Would you say there is more of a paper drain or paper trap in your work environment? In other words, does paper circulate easily, like water down a drain, or does it accumulate, like water in a plugged sink?
If a sink is overflowing with water, we want the plumber to fix what is plugging up the drain IMMEDIATELY! When I am called in to fix an overflow of paper, however, the concern is with a system for the urgent papers, sitting at the top of the pool.
I’m more like a plumber than you might think. The answer to processing your most urgent papers on top also starts at the BOTTOM. If there is one consistent approach I take to getting organized it is this: take the less important stuff out of the way so that you can get to the more important stuff. Here’s how to create a paper drain.
Start with your trashcans. No, seriously. Are they big enough? Do they have a good structure? You’re not using sloppy shopping bags, are you? Is there a crystal clear distinction between toss, recycle, and shred? For further details, check out my blog Trash Systems Go!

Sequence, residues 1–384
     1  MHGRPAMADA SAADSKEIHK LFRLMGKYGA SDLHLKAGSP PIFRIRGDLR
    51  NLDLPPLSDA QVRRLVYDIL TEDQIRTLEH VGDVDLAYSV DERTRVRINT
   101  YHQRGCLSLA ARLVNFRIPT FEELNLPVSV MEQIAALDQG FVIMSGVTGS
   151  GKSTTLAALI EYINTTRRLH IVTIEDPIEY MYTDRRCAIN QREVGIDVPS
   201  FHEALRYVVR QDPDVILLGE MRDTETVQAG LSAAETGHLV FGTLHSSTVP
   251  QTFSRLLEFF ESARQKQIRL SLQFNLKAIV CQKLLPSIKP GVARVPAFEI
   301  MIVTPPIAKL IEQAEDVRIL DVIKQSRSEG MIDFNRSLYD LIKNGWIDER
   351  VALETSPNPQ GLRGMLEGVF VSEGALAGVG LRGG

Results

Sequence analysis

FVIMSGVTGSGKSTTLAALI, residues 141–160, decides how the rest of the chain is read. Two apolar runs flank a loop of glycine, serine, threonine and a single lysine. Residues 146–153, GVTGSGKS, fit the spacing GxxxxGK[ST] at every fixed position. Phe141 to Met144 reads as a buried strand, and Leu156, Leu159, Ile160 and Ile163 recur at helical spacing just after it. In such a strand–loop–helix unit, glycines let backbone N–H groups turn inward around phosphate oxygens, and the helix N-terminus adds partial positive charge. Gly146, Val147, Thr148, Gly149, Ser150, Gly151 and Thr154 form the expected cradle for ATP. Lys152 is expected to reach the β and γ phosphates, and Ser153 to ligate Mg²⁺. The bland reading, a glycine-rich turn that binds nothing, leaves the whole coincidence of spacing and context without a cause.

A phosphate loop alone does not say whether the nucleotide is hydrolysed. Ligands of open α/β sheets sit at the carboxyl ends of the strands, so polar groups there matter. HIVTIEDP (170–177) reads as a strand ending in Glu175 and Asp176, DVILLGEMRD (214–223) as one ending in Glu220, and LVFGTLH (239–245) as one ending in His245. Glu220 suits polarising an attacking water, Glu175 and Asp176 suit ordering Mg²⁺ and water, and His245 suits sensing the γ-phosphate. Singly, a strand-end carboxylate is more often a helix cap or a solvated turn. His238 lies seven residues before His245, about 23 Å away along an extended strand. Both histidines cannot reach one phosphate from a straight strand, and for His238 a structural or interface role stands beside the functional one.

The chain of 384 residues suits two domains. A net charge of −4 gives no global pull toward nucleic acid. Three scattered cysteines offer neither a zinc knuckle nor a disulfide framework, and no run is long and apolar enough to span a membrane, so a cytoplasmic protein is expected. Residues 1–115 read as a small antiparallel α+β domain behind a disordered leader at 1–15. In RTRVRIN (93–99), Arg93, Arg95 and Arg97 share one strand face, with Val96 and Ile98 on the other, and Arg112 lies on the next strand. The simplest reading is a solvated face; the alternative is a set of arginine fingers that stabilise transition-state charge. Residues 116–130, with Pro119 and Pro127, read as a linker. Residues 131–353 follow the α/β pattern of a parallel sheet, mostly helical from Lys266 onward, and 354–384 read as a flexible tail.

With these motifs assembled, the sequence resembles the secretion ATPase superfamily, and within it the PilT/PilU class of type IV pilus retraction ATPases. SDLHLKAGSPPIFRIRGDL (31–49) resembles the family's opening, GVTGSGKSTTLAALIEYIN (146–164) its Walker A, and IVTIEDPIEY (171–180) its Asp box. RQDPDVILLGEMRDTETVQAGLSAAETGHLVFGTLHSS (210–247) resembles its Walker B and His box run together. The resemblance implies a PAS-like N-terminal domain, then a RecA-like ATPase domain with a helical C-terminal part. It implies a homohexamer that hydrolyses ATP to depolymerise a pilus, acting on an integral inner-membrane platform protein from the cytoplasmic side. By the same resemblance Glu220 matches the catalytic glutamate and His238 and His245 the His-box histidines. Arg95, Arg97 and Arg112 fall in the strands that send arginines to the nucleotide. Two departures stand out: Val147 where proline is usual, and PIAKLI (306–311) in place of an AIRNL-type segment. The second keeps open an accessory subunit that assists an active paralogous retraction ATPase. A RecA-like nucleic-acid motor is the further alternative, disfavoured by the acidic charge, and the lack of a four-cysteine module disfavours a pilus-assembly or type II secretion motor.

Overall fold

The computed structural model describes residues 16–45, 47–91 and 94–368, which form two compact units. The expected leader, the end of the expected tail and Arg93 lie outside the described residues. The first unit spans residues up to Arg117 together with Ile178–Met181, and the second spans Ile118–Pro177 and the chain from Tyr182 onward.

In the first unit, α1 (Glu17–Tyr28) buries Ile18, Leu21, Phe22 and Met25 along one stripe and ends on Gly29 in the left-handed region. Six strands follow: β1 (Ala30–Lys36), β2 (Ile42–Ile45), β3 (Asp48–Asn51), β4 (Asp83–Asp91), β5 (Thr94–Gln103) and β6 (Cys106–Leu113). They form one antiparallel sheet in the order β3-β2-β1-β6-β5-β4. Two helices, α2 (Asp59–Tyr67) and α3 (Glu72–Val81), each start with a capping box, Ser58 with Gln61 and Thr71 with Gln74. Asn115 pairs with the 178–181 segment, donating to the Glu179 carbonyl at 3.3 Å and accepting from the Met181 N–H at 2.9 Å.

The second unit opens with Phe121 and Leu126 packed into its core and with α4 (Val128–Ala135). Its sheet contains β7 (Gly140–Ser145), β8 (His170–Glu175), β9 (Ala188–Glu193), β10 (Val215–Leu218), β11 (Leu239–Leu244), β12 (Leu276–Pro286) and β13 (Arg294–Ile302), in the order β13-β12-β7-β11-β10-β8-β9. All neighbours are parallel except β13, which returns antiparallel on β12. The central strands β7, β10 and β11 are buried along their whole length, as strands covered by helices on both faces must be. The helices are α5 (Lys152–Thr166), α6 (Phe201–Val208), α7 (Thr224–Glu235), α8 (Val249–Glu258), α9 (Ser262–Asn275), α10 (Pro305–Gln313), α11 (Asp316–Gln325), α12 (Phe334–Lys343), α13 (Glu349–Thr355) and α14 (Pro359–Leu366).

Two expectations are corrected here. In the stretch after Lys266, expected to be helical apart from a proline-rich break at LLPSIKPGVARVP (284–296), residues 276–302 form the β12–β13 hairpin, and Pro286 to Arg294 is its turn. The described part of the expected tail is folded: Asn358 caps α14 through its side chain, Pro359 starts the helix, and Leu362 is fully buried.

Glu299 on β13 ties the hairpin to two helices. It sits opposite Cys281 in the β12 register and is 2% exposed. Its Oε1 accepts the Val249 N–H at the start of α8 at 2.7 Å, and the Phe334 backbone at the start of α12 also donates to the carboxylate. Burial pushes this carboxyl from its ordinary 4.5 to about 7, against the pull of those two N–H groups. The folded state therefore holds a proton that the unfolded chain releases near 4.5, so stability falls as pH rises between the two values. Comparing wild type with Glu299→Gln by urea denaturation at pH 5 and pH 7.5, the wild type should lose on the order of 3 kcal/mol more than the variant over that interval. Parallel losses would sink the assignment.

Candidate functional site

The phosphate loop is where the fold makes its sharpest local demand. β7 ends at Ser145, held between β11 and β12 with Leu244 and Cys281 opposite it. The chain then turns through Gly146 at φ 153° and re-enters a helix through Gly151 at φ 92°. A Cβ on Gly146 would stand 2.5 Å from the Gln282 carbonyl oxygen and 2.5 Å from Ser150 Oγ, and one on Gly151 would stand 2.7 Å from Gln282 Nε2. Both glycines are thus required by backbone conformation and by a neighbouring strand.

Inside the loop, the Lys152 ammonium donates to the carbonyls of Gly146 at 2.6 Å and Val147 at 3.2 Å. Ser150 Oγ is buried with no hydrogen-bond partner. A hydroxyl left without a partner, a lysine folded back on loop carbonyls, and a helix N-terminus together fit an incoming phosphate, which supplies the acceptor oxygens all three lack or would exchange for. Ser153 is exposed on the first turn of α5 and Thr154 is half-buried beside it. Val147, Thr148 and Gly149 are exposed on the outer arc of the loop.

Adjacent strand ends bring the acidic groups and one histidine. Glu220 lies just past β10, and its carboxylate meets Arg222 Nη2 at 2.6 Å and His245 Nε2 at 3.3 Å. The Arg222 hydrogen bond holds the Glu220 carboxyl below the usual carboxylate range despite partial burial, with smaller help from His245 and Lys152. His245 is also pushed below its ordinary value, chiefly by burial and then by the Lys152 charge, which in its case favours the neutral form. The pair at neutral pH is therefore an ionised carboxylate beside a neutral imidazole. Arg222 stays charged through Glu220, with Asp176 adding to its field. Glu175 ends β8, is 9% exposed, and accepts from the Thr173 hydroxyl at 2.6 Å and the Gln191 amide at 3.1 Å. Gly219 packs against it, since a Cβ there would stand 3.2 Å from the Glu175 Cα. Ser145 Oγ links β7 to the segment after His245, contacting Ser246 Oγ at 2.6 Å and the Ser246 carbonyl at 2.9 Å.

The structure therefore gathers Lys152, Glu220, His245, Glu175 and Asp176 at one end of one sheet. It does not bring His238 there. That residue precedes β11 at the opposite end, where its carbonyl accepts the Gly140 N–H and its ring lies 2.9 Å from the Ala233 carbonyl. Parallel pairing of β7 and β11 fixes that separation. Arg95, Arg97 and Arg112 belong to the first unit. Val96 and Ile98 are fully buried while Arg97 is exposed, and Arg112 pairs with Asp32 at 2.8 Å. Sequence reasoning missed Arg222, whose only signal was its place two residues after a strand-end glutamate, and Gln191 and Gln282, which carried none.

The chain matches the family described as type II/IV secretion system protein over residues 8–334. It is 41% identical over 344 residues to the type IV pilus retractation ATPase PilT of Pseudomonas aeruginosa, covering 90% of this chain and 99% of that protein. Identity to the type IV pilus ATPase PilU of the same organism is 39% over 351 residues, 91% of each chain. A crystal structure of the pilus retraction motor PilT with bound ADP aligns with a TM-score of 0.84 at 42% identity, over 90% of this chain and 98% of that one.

So much of the paper that accumulates falls under the category of “I need to keep this just-in-case.” Fine. I get that. There’s no reason to make a discard you may regret, but there’s also no reason this space-gobbler needs to share space with the files you need to find most reliably. Here’s how to make the distinction so you can store archives more remotely.
Once you have established effective systems for draining trash and archives, it’s time to look at a system for draining paper you need to find reliably from that pile of action items on your desk. The answer to this drain is truly user-friendly files.
You should now have no paper on your desk, other than files you want to MAKE A POINT OF ACTING ON. This can still be a sizable quantity. You face the best odds of getting your to-do’s to done when they are vertical, visible, and minimal. The key to minimizing your to-do’s comes from the Newspaper Headlines model. You can be relieved of the quantity as long as you have the link. Here’s how.
When I was in art school I was fortunate enough to have, as one of my instructors, master storyteller and creator of the Spirit, Will Eisner. Mr. Eisner always stressed that if you want to tell a good story, start with the END and work forward. Similarly, if you want to have the most effective paper management system in your home or office, start with the drain at the end and work forward.